New Chase Home Page: Adapting to Today's Customer
Design and Engaging Stories Will Bring a New Look to Chase.com
In a connected, digital world, companies need new ways to reach and engage consumers and build personal relationships with them.
"We're focused on helping people feel comfortable in the world of their finances," said Tim Parsey, the head of digital customer experience for Chase.
That's why Chase is personalizing the site by showing photos from the local area. “It's a concept that has resonated with users of our mobile app," said Josh Klenert, the company's executive director of user experience and design.
The new design also connects with consumers through stories they'll find relevant. The News & Stories section, which appears front and center on the redesigned home page, features content that's not about interest rates or credit lines, but about real people and the ways they live and enjoy their lives.
“People who look at News & Stories spend more time on our site than other Chase.com users," says Brian Becker, head of content for the Chase newsroom. “That gives us more opportunity to connect with them and see how we can help with their financial needs."
From Mobile to the Web
Last year, Chase updated its mobile apps for iOS and Android, letting customers use their phones and tablets instead of visiting or calling the bank.
“Customers really like the look of the Chase Mobile app, so we're bringing it to the online experience too," says Gavin Michael, the company's head of digital. “We have more room on a desktop or tablet screen to give customers tips and information along with new fonts, colors and pictures."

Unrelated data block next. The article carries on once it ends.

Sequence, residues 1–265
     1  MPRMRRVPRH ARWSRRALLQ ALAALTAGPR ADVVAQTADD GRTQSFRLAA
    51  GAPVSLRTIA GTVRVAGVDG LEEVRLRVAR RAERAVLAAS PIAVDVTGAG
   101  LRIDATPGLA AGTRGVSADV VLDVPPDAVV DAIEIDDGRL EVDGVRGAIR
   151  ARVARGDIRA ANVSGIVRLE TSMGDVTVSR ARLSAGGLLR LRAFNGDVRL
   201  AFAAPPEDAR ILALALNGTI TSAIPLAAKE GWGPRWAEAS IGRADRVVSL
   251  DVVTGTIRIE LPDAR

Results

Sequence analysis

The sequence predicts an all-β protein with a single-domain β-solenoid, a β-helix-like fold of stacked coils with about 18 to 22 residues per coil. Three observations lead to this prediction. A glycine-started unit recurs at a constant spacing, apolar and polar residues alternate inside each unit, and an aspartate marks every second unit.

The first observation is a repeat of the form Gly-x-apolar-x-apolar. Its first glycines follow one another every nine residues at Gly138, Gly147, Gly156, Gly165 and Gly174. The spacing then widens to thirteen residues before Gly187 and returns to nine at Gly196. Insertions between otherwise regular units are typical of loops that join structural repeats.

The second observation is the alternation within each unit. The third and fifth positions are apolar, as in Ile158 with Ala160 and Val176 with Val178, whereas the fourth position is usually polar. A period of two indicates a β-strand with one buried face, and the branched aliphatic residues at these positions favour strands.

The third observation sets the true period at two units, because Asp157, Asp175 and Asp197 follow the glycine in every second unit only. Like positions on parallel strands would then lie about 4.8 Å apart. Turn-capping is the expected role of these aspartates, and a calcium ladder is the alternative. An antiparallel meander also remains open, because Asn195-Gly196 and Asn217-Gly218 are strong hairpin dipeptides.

Chase Mobile is currently the highest-rated banking app in both the Apple App Store and Google Play and consistently ranks among the 100 best-rated iPhone apps.
Lessons learned from app design have influenced the changes to Chase.com, Klenert said. For instance, mobile app users often prefer to scroll continuous feeds, like on Facebook or Twitter, instead of clicking links and waiting for new pages to load. That's how the News & Stories section works.
The page also uses use images and storytelling to "add a bit of humanism into this world, which can be too dry," Parsey said. "Why can't we have fun too?"
It's a smart time to roll out such changes, said Karen McGrane, the author of Content Strategy for Mobile. "Financial services firms have a real opportunity to adopt more digital-first content creation processes, which will enable them to get more value from what they create."
And there's more to come.
“We're not done," Klenert said. “We're going to keep working with our users to make the site even better."
Visit the new chase.com.
Illustration by Florian Schommer | Anthony Wing Kosner is a technology contributor to Forbes.com, user-experience designer and editorial content strategist. He writes frequently about the user experience of machine intelligence.